Why does the number of CEOs named ‘Dave’ still outnumber all female CEOs?

Jules Shorrock

Jules Shorrock - Credit: Archant

‘Quite often, I’m the only woman in a room full of men’ - one of Suffolk’s top female business leaders speaks up

Jules Shorrock at the Suffolk Chamber of Commerce networking lunch. Picture: Paul Simon

Jules Shorrock at the Suffolk Chamber of Commerce networking lunch. Picture: Paul Simon - Credit: Archant

The number of chief executives called ‘Dave’ still outnumbers all female chief executives in the FTSE 100.

Women are half as likely to start a business than their male counterparts, and the gender pay gap is affecting women in every profession and at every level.

But one Suffolk’s businesswomen is determined to buck the trend, by getting more Suffolk women into board positions.

Jules Shorrock is managing director of Citrus Security Shredding, based near Beccles, and is also the first ever female chair of Suffolk chamber of commerce, Lowestoft and Waveney area.

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Because of that, she is often invited to represent the Chamber at events featuring directors and chief executives from utility companies and infrastructure projects. “Quite often, I’m the only woman in a room full of men,” she admitted.

“With the infrastructure meetings, I was reasonably quiet at first, I sat back to get a measure of what it was all about. But then I gained the confidence to start asking questions. If you ask sensible questions, people pay more attention to you. You have to stand up for yourself and not let people bully you - then, people respect you more.”

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A lot of the work that Ms Shorrock is involved in is about raising aspirations for women, she explains, because: “Its important for us to lead from the front. “I am mentoring students in Lowestoft to become more aspirational at school. I want to inspire young women, I think it makes a lot of difference. At the Suffolk College Awards evening recently, many of the students who won were studious and dedicated young female engineers. We are now seeing an improvement in skills for girls. ”

Ms Shorrock says that while the Chamber is now talking more about flexible working hours and how this can help men and women in their careers, she feels she is often “preaching to the converted.”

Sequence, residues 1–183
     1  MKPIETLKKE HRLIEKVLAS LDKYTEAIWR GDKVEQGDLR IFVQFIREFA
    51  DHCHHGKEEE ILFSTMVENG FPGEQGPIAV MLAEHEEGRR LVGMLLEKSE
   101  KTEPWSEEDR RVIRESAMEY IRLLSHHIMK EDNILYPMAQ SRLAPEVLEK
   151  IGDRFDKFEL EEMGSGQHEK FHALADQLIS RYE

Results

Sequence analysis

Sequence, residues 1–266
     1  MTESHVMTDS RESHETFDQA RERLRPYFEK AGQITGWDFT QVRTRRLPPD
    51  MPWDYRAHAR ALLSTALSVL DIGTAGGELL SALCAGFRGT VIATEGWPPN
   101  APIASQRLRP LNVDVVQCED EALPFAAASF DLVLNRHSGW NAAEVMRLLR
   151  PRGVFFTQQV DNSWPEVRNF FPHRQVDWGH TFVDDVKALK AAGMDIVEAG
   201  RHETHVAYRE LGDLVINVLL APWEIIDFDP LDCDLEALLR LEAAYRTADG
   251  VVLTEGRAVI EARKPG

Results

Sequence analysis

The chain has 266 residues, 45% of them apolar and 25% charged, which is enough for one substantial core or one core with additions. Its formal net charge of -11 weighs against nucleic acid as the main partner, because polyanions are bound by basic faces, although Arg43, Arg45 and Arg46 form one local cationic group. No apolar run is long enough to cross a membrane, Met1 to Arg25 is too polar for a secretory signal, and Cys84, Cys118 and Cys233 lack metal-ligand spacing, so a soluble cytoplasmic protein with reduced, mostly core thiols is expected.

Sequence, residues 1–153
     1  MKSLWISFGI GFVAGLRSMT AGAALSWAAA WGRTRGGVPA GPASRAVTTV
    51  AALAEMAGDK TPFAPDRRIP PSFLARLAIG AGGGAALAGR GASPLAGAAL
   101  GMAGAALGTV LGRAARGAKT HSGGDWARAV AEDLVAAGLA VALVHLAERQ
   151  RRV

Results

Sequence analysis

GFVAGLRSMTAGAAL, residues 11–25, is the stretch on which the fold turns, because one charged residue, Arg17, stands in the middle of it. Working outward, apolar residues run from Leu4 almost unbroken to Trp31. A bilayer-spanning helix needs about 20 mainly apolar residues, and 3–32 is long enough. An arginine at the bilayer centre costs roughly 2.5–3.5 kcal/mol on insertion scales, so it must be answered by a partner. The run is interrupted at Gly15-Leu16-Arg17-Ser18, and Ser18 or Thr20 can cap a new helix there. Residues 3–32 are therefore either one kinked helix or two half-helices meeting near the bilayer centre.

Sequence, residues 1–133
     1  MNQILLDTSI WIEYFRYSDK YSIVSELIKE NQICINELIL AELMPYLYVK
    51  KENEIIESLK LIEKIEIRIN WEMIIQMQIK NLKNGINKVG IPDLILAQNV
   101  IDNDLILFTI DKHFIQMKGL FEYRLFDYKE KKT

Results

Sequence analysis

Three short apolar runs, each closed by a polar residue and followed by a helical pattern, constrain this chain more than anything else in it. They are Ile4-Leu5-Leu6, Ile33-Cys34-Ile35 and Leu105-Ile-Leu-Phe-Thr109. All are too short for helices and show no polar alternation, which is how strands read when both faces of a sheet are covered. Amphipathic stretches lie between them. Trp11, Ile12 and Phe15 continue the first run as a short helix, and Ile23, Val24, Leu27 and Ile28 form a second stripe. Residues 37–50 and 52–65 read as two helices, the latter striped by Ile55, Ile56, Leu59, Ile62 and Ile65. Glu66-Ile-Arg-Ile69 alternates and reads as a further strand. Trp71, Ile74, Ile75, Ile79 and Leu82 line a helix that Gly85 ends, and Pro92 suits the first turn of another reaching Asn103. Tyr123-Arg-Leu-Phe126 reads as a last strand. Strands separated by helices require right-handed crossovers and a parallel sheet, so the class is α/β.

“I would like to speak to the men in the boardrooms,” she said. “We need to get everybody on board to work in our ageing economy - we have to invest in the training of men and women, because we need them both.”

Ms Shorrock says that a lot of the people she meets through her work don’t agree with a push towards making female representation on boards mandatory. “But I think its important to get men to hear the message,” she says.

This week, the treasury launched a review into the barriers facing women in business.

Ms Shorrock has managed to overcome one of the barriers women face, of having to juggle work with doing the school run, by sending her son to boarding school on weekdays. “I couldn’t do what I do if my son was at home,” she admits. “For me as a business woman, his schooling is money well spent. It means I can concentrate on growing my business.”

The treasury has appointed Alison Rose, chief executive of Commercial and Private Banking, to examine barriers faced by female entrepreneurs as part of its review, which will be published in the Spring. She said: “If we want to strengthen the UK’s position as one of the best places in the world to start and grow a business, then no-one can be left behind.

“Unfortunately, statistics show that women make up only a third of all entrepreneurs in the UK - to better drive the UK’s economy, we need to understand, and tackle, the barriers and reasons as to why this is - more can be done to support women in enterprise.

“I am looking forward to working with the Treasury on this important initiative.”

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